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“Law abiding out of fear, possibly; honest to a fault in terms of how they handle money — and in fact that’s the reputation Copts have had since the Mamluk period, when they were given oversight of finances.”

For younger Copts, such stereotypes are offensive.

“It makes us feel horrible,” says Gerges Saber, a 33-year-old political activist. “If you want to create something about the people, go and sit with the people, don’t use manipulation and falsities.”

Mr. Saber, a coordinator of the Social Democratic Party in Giza, expresses his desire not to be defined by his faith in his political or public life.

“I am Christian, but I want to be a citizen Christian, not part of an ethnic tribal group,” Saber says. “My name identifies my religion, but my religion is not my ideology.”

As Copts have grown more vocal in Egyptian politics, most see their contributions and participation as irreversible.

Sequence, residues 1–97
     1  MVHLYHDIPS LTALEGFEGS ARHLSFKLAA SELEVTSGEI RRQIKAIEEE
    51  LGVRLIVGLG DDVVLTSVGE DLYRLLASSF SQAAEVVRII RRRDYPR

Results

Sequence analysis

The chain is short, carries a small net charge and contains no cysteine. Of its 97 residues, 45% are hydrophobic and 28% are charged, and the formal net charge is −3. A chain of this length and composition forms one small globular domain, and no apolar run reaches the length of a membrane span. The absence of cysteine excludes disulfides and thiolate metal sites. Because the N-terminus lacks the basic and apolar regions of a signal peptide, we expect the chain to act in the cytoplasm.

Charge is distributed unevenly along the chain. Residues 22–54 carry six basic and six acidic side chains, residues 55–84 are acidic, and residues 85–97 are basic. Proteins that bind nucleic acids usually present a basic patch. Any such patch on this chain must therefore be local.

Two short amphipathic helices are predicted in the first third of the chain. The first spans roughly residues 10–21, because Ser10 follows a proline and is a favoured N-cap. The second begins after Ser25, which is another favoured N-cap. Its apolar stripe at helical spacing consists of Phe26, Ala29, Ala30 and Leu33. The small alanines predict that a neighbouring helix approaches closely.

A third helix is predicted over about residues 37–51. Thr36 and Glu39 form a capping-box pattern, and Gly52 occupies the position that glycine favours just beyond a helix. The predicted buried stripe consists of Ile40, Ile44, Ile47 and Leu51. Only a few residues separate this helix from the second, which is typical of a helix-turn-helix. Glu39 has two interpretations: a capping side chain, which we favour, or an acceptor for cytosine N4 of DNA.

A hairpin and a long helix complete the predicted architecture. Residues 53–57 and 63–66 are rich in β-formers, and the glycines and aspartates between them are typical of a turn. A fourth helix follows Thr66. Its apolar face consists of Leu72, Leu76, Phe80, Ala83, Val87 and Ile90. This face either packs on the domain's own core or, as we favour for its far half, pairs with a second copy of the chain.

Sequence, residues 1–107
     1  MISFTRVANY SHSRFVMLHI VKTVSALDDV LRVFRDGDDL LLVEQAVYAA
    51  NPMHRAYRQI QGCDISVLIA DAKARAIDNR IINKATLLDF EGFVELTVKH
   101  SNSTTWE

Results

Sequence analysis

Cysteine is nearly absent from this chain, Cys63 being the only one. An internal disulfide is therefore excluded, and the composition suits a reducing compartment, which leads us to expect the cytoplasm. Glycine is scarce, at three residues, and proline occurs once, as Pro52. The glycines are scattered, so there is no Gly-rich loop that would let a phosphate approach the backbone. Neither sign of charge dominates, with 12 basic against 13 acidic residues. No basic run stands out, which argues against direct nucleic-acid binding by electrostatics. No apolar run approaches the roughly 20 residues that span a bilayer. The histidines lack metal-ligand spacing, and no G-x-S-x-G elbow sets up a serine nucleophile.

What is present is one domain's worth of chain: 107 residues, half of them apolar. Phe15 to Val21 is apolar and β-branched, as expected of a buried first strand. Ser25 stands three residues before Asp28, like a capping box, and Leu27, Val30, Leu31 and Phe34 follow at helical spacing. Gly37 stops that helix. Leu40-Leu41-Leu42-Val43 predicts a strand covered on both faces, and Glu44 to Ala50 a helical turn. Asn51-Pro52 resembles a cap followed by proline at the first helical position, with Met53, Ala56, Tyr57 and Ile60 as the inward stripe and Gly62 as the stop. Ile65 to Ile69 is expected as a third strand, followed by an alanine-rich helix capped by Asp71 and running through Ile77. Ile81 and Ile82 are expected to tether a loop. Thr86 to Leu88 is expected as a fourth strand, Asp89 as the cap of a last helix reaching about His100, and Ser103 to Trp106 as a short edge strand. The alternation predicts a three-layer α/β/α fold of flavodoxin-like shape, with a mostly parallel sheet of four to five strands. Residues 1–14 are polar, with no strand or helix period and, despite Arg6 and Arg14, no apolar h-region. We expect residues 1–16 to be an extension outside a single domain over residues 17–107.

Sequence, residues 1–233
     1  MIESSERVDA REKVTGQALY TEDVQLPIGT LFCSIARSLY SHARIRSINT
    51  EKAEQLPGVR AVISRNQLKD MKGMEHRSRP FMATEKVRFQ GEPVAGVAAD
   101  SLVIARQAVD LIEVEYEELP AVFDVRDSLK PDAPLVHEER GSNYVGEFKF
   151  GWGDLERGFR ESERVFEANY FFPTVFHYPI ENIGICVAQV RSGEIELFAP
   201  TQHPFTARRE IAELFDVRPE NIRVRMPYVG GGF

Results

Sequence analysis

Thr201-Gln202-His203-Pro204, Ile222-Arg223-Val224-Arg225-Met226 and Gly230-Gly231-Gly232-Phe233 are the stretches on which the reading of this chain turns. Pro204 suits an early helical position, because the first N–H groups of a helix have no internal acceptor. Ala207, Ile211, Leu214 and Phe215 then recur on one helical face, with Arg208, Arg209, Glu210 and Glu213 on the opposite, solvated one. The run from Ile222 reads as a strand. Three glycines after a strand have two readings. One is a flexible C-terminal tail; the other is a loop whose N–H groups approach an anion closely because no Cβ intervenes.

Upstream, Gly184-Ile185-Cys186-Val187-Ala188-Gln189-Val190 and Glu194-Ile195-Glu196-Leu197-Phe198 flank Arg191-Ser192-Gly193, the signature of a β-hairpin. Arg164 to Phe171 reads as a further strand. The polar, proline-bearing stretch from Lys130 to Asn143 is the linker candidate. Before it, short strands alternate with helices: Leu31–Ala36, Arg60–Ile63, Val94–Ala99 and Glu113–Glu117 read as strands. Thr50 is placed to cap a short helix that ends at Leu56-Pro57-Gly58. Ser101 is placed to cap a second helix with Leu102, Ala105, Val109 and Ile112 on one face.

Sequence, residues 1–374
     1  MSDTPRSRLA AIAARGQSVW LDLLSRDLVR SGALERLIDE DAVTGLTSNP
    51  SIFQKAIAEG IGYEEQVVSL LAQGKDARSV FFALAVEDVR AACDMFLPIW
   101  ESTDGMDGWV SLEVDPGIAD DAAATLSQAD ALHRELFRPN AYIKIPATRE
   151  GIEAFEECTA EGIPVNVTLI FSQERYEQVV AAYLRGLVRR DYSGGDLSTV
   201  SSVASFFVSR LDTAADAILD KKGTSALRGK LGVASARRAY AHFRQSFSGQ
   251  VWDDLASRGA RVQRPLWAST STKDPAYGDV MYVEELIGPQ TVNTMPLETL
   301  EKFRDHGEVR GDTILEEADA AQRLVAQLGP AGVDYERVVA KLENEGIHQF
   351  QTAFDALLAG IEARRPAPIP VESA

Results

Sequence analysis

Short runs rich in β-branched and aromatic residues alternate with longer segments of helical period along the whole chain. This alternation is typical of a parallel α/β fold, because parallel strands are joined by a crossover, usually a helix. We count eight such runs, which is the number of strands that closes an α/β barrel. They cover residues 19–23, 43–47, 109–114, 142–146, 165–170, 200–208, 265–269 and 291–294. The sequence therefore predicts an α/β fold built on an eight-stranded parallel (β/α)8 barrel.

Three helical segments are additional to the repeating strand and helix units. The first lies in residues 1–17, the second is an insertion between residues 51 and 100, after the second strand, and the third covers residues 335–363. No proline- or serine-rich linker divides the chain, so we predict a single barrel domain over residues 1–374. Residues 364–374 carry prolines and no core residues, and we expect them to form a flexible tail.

Ibrahim Ishak, a Christian researcher for the Egyptian Initiative for Personal Rights, puts it succinctly.

Because Christians “have participated [in the events of] 30 June,” he says, “they have weight, because everybody saw that they played a role in ousting Morsi. The state institutions say they helped them a lot, so they have more respect from both sides. That will reflect on television and everywhere.”

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A frequent contributor to ONE, Sarah Topol’s writing has been published in The Atlantic, Esquire and The New York Times.



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